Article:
|Publication number||US4465775 A|
|Application number||US 06/381,267|
|Publication date||Aug 14, 1984|
|Filing date||May 24, 1982|
|Priority date||Jun 22, 1981|
|Also published as||CA1180273A, CA1180273A1, DE3262956D1, EP0069450A1, EP0069450B1|
|Publication number||06381267, 381267, US 4465775 A, US 4465775A, US-A-4465775, US4465775 A, US4465775A|
|Inventors||Thomas M. Houts|
|Original Assignee||Technicon Instruments Corporation|
|Export Citation||BiBTeX, EndNote, RefMan|
|Patent Citations (7), Non-Patent Citations (18), Referenced by (43), Classifications (20), Legal Events (7)|
|External Links: USPTO, USPTO Assignment, Espacenet|
This invention is concerned with the assay of vitamin B12 and with certain labelled derivatives of vitamin B12 which are useful in such an assay.
The classic assay for vitamin B12 (hereinafter for brevity referred to simply as "B12 ") is a microbiological assay utilising, for example, E. gracilis. Whilst this assay is widely accepted as accurate and reliable, it is a relatively slow method involving manual techniques. In recent years, attempts have been made to devise alternative procedures based on the well known competitive binding reaction technique, with a view to providing a quicker and equally reliable assay.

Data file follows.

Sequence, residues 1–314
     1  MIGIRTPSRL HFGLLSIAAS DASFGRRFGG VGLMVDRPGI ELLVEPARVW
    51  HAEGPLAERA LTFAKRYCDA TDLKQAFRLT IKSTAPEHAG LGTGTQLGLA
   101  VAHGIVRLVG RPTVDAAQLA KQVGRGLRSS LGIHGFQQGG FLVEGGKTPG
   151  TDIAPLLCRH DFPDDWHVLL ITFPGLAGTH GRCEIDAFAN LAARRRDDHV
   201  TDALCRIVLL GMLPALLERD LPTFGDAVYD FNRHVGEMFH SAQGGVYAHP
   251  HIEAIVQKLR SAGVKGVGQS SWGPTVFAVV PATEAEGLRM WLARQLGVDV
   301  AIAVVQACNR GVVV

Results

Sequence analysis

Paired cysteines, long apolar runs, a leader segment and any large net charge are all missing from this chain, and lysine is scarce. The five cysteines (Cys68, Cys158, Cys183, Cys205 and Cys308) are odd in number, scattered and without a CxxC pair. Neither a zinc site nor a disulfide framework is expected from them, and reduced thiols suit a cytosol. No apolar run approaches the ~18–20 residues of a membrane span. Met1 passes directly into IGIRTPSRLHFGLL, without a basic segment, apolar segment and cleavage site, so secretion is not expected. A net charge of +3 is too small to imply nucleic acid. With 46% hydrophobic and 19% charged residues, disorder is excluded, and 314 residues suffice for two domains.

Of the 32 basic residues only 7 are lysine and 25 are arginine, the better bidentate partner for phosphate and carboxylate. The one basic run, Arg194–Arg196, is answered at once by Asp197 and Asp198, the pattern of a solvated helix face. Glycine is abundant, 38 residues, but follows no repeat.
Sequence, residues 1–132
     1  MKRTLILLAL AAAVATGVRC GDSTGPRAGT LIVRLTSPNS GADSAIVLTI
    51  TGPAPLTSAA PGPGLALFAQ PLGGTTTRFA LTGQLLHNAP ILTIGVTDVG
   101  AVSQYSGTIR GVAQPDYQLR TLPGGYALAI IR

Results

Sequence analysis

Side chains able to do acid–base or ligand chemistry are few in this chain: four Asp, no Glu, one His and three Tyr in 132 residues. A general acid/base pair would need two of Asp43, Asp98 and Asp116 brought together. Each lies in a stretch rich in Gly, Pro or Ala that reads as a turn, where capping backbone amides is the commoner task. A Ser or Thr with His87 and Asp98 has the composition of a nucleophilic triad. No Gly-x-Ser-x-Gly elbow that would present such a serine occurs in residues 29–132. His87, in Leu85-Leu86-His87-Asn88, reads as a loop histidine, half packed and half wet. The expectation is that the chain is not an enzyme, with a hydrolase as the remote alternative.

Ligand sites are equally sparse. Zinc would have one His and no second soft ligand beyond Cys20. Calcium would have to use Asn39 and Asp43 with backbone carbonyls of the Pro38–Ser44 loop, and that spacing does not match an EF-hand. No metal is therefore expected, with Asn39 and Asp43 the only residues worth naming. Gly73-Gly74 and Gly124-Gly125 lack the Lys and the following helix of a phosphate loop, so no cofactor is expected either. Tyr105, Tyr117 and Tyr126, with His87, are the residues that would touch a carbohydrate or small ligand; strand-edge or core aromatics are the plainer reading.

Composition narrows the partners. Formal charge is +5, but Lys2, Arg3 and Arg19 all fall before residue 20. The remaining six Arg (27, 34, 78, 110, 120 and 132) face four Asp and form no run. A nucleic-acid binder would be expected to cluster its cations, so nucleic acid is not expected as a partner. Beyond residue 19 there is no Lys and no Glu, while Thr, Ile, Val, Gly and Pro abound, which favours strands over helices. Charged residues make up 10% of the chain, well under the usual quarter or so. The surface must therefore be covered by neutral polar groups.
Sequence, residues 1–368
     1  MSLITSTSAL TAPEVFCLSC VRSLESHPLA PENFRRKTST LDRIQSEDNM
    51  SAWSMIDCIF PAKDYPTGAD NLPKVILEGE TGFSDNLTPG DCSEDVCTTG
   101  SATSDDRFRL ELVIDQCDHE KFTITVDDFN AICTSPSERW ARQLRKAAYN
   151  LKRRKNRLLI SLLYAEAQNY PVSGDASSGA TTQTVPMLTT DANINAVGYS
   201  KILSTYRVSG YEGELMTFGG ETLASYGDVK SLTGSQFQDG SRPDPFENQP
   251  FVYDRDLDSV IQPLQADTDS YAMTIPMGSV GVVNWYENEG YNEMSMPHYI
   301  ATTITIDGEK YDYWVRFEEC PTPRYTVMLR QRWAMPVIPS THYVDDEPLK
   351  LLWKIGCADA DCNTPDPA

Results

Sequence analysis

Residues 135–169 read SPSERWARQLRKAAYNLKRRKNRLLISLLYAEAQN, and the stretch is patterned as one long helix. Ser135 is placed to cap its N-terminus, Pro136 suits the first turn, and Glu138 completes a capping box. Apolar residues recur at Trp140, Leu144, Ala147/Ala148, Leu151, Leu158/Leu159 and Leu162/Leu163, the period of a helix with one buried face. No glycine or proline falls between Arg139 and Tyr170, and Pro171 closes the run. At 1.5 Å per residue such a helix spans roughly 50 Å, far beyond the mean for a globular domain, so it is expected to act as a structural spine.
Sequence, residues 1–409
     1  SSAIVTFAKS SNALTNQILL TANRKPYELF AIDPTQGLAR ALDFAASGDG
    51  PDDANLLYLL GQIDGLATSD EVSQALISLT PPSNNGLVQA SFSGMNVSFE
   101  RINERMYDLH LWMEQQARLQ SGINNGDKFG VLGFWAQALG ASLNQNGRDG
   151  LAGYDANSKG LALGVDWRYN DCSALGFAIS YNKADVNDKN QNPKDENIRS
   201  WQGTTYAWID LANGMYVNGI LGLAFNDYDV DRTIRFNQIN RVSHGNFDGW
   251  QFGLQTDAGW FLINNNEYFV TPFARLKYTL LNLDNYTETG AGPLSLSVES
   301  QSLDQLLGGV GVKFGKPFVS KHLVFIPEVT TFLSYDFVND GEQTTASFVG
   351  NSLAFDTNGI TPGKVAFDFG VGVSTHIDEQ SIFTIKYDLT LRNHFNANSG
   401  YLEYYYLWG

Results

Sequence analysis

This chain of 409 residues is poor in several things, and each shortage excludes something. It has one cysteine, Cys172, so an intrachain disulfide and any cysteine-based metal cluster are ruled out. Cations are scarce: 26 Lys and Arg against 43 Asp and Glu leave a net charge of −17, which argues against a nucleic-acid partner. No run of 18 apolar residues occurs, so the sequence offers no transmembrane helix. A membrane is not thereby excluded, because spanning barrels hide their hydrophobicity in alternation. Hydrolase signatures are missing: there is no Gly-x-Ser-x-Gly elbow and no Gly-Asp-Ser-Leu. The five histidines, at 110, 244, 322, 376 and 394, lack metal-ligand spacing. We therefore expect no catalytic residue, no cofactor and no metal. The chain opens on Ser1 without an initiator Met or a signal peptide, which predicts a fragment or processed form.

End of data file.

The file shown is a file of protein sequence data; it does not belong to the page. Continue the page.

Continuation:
Assays based on competitive binding advantageously employ a labelled reactant, i.e. a reactant which carries an atom or group which can readily be identified and assayed. Commonly used labels include radioactive atoms, and fluorescent or enzymic groups. There have been various proposals for making a radioactively labelled B12 derivative for use in a competitive binding assay of B12. One proposal, which is used commercially, involves the incorporation of 57 Co in the biosynthesis of B12. This is a complicated process and the 57 Co-B12 produced is expensive. Furthermore, the specific activity of the product is relatively low (220 μCi/μg) which, in turn, necessitates relatively lengthy counting times (of at least one minute) in competitive binding assays using this 57 Co-B12. Low activity and long counting times are highly undesirable.